human rights

Judges recall when their lives were threatened during contentious legal challenge in Malawi

Two participants at a human rights training course for judges from 11 African countries, held in Cape Town mid-May, have first-hand experience of what making a bold human rights decision may sometimes demand. Judges Michael Tembo and Redson Kapindu were both on the bench, part of a five-judge panel in what they say was, without doubt, the most significant case in Malawi’s history.

Judges Redson Kapindu (who helped present the human rights training course) and Mike Tembo, are both members of Malawi’s high court, and were part of the five-member bench that heard a most significant case.

Following presidential elections in May 2019, they had to decide a challenge to the poll’s validity, litigation that raised the political temperature in Malawi to boiling point.

'Global jurist of the year': prestige award goes to Kenya’s Justice Mumbi Ngugi

One of the most prominent judges in Kenya has been given a major reward in recognition of her work in support of human rights. Judge Mumbi Ngugi, who sits on the anti-corruption and economic crimes division of the high court in Kenya, is also a world advocate for the rights of people with albinism at a time when, in certain parts of the world such as Kenya, people with albinism are targeted and sometimes even killed for ritual purposes.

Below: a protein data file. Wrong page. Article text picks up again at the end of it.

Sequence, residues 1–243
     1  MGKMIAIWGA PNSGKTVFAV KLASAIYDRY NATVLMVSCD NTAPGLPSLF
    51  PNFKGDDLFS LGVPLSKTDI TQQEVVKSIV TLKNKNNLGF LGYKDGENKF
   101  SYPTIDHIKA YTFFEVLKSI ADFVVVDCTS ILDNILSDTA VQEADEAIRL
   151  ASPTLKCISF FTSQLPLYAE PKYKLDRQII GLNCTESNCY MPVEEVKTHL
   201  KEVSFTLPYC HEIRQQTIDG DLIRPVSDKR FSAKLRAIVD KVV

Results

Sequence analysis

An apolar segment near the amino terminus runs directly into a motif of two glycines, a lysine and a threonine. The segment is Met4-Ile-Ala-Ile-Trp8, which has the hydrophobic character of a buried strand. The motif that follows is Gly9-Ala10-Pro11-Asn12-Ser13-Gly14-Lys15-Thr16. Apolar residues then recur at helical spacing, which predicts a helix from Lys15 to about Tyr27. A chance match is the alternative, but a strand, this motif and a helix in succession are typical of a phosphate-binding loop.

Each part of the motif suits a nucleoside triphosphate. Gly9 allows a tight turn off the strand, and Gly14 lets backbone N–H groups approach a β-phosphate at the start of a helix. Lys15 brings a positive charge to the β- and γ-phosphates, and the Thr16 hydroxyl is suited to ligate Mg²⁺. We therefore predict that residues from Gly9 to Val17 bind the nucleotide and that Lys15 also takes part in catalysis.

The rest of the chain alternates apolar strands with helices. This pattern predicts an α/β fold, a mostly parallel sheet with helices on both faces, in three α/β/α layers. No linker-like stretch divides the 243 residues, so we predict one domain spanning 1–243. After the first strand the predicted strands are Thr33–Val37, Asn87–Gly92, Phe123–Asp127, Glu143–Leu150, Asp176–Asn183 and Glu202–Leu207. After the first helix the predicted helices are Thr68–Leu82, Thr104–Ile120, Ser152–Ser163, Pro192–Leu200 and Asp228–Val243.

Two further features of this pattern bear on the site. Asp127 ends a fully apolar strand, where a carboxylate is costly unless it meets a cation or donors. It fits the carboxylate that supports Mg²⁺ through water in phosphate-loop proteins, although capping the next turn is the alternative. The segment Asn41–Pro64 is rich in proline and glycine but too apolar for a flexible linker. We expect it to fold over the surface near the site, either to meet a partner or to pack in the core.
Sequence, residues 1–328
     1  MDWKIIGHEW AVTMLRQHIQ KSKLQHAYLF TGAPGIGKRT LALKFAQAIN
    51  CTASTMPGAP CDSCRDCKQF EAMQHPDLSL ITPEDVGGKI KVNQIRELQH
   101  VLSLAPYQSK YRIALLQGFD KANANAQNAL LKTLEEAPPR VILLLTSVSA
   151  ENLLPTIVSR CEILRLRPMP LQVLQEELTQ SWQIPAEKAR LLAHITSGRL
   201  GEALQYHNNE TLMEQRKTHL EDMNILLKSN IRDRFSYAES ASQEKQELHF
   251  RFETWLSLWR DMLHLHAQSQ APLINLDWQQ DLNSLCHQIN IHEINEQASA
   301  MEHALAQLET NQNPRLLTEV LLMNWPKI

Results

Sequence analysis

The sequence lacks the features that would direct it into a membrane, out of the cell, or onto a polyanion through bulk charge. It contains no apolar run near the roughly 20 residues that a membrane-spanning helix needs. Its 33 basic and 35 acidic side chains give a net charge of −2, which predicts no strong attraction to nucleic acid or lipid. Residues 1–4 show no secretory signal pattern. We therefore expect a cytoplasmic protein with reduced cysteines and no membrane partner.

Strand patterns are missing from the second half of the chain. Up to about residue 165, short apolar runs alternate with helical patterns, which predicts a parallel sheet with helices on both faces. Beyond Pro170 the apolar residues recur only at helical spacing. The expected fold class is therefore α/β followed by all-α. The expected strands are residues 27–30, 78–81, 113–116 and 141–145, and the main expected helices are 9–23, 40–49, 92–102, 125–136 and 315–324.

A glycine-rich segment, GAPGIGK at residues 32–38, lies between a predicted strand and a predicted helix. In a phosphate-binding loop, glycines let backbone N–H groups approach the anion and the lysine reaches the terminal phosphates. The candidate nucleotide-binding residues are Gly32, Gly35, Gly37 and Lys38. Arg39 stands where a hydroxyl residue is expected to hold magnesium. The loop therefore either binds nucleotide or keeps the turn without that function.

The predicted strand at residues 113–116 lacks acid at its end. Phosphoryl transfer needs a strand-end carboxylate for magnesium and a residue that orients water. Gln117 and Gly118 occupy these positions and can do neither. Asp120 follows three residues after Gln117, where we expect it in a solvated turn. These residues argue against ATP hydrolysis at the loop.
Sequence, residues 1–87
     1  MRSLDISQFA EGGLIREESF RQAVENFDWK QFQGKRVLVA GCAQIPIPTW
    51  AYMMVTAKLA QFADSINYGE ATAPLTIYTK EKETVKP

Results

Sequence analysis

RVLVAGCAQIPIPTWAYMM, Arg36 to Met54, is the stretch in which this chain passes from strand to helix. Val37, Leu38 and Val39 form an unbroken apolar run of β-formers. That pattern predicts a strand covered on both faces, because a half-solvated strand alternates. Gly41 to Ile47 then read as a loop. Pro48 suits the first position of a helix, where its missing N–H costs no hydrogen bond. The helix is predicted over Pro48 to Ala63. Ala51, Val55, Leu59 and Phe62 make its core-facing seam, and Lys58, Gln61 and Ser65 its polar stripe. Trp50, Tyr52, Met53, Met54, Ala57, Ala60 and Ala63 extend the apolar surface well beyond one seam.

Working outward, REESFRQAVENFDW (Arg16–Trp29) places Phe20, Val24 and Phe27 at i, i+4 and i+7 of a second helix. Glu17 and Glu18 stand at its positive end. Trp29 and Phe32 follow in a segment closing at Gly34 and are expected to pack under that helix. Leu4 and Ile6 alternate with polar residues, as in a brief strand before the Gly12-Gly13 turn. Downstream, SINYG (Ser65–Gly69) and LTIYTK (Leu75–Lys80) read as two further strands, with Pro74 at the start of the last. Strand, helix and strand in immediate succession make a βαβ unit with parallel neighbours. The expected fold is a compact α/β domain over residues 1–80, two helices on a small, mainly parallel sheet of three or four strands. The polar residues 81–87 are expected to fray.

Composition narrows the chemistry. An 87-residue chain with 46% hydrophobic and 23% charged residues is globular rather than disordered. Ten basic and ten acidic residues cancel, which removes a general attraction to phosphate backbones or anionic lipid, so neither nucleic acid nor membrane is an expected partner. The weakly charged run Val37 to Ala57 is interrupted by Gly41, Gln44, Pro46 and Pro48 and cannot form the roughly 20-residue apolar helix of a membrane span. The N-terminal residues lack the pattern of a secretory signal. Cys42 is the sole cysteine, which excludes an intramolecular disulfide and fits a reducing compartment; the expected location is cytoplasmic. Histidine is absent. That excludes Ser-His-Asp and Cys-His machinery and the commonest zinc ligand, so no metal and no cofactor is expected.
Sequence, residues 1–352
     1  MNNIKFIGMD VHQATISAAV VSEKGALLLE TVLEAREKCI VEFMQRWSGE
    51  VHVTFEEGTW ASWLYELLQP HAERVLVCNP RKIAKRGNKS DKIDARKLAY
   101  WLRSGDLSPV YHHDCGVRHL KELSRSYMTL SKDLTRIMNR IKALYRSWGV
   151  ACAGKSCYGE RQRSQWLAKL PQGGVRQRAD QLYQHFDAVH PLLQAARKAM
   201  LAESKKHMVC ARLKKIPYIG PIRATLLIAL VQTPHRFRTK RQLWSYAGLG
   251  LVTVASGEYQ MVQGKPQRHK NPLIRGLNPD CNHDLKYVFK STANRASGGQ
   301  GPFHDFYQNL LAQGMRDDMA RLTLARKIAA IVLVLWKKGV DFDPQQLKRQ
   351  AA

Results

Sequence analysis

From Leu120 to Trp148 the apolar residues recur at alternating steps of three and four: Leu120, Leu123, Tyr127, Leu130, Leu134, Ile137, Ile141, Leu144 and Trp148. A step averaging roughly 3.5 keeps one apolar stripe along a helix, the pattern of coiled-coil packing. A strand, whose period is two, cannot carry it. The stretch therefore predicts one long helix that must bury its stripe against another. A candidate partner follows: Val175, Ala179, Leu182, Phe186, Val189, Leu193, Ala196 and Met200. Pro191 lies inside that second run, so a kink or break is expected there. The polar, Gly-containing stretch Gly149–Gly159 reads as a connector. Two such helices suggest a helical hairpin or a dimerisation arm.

Judge Mumbi Ngugi of Kenya's high court is a ‘role model’ for the law faculty of Northwestern University in the USA as well as for its students, ‘who aspire to be future Justice Ngugis’. That’s according to the Centre for International Human Rights (CIHR) at Northwestern University, the institution that is to award its annual prize to the Kenyan jurist.

Police officers cannot escape responsibility for rights abuse by citing ‘higher orders’ – Ugandan court

A judge of Uganda's high court has ruled that individual members of the police and other security forces may not rely on 'higher orders' or claims that they were waiting for orders 'from above', to justify human rights violations. Judge Margaret Mutonyi ordered significant damages as compensation to a number of applicants after she found police had abused their rights. In one of the two applications she dealt with, a number of people were unlawfully arrested and detained for participating in a legal protest against the raising of Uganda's presidential age limit.

Read judgment

It would be difficult to overstate the potential importance of a case just decided by the High Court in Uganda. More than a dozen applicants went to court against a number of police officers and the Attorney-General. Originally two separate matters, the applications were joined by the High Court judge presiding, Margaret Mutonyi, who said they raised similar issues.

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